Will The 'Mini' And Pint-Sized Tablets Affect User Behaviors?
Many people regard the 7-inch tablets like Kindle Fire, Nook and Android-based models as “e-reader first” devices rather than app-centric or Web browsing gadgets. After all, Amazon and Barnes & Noble are booksellers first and foremost, there are too few Android apps designed for tablet screen sizes, and the browsing experience on some of these devices, to put it kindly, is challenged. Whatever the controversy around the price and display performance of the Apple iPad Mini, it does help goose the 7- to-8-inch tablet market and perhaps legitimize the smaller format as a more full-fledged iPad-like experience. But how do behaviors change across screen sizes?
How screens affect engagement and behavior will be deep and protracted questions that will evolve in coming years as users themselves become comfortable with different devices and settle on behaviors. But an early indication of how screen impacts action comes from the table platform Onswipe, which helps publishers more easily turn their standard Web sites into more touch-friendly tablet app-like sites for touch browsers. They now power over 1,200 sites, including brands from Bonnier and Vibe Media.
Their recent survey across these sites and almost 30 million uniques gives an early indication of how users engage smaller screens differently. For instance, on 10-inch tablets almost half (48%) of users share content via email and only 32% use Facebook and 13% use Twitter for content pass-alongs. The instance of social sharing seems to increase as we move to the 7-inch screens. On these smaller displays Onswipe sees only 29% sharing via email but 42% via Facebook and 24% via Twitter. On the iPhone, 32% share via email, 50% via Facebook, and 13% via Twitter. In some sense this difference reflects the way many people likely treat and set up their smaller tablets, especially if they own multiple screens. For instance, my iPad and iPhone have email accounts active, but not my 7-inch Kindle.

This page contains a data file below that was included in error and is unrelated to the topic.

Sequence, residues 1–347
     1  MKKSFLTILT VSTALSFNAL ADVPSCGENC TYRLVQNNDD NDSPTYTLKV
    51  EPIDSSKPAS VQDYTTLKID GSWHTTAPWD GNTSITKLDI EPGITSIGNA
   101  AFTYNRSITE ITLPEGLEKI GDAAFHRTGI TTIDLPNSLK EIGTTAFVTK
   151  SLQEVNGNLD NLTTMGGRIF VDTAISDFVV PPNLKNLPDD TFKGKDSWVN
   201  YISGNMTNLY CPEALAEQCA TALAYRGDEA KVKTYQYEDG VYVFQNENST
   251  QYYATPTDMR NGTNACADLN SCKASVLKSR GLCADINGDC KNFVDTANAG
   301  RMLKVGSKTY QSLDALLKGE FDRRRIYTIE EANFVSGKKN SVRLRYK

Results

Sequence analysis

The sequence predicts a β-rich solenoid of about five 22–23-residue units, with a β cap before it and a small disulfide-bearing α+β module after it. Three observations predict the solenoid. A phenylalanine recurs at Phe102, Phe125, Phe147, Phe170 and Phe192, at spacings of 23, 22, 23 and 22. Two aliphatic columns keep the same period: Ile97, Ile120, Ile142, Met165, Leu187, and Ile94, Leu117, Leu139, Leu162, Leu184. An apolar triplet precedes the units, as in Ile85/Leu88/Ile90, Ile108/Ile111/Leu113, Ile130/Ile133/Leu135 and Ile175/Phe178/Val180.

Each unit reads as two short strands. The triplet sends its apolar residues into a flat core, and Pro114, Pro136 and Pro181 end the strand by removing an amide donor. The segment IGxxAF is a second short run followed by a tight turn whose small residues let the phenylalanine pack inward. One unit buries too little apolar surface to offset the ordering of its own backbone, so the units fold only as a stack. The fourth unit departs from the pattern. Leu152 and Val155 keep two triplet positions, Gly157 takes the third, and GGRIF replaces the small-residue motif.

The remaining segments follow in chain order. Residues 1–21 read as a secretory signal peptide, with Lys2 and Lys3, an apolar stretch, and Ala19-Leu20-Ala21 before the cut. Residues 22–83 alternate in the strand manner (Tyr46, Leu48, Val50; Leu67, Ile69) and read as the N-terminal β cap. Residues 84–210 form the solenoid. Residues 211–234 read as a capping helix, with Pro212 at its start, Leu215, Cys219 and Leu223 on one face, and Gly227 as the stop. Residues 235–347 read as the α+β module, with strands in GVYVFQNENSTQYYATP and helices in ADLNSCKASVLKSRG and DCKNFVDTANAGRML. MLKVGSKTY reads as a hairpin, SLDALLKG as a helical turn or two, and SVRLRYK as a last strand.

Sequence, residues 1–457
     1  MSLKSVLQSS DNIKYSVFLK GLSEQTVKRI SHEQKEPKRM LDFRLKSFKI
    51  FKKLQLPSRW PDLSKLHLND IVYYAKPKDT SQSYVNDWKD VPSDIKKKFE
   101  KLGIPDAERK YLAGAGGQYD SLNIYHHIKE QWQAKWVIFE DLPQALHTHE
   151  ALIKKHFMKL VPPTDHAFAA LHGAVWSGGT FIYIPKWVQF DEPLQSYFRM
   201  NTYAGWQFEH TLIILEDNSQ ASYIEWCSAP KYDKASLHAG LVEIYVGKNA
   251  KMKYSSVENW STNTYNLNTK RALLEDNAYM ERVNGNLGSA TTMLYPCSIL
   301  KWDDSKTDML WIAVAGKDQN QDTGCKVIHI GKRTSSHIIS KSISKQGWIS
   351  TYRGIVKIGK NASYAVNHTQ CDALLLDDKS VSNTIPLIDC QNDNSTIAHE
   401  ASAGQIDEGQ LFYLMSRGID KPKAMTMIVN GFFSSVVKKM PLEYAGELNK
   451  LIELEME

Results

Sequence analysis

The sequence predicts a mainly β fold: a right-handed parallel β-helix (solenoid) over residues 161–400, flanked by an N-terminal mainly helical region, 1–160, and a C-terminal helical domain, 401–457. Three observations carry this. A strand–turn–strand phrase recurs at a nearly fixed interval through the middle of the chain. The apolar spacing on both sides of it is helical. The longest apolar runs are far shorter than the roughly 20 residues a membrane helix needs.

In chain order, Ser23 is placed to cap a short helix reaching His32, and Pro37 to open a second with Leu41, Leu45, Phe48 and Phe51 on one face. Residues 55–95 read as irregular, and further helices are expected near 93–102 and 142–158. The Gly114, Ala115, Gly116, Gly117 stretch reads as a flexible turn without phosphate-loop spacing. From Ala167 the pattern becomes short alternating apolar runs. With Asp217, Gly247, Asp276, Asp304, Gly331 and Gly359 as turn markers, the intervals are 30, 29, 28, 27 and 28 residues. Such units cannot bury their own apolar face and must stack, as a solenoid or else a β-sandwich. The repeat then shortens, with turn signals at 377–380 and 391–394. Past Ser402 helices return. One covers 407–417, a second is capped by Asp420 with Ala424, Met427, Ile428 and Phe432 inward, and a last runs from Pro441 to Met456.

It is not surprising that iOS owns mobile Web traffic. At least as measured by Onswipe. More than 75% of Web traffic to their sites comes from an Apple device, compared to only 22.3% from Android. When it comes to tablet traffic, there is no contest. iPad gloms 98.10% of the traffic Onswipe sites get. I will be curious to see if the new generation of smaller tablets change this equation. Generally, browsing on the Nook, Kindle and even the Nexus 7 ranges from tedious to torture.
I am astonished at how sluggish the Nexus browser is, and browsing on Nook and Kindle still feel like afterthoughts. Whether the extra 35% of real estate on the iPad Mini makes a difference in browsing remains to be seen. More responsive design and HTML5 platforms like Onswipe certainly improve the experience. There is a tendency for people to use smaller tablets in portrait mode, which is natural for many e-books and even upscaled smartphone apps. But that default mode is not optimal for Web sites on a small screen. Onswipe found that 84% of people browsing the Web on the Kindle were using portrait, while 55% of iPad users were in landscape.
This is not to say that the smaller screens are doomed as Web browsers. Onswipe did find that among the small fraction of traffic that was coming from the Kindle Fire, for instance, session time at a site was actually 36.52% higher than it was on the iPad and 39.84% higher than on the Nexus 7. Onswipe speculates that Kindle Fire users are used to e-book mode and so tending toward longer reads anyway. That may be partially true, I suspect. My less charitable take is that Kindle Fire users are not thinking of their devices as Web browsers, and so are not engaging in the usual site hopping behavior. They will tend to go to a Web site for a specific reason and to engage specific content.
Much of this is just informed speculation until we get more rigorous research on multi-screen use. I suspect that the number of screens in someone’s life also has a deep effect on how she uses any one of them. I think we start triaging content on some screens for consumption on another and we parse our media now and consign it to different modes and times of day. The multiscreen era introduces not just a more fragmented landscape of media, but an increasingly nuanced and complex range of behaviors that will be challenging for marketers to track, let alone leverage.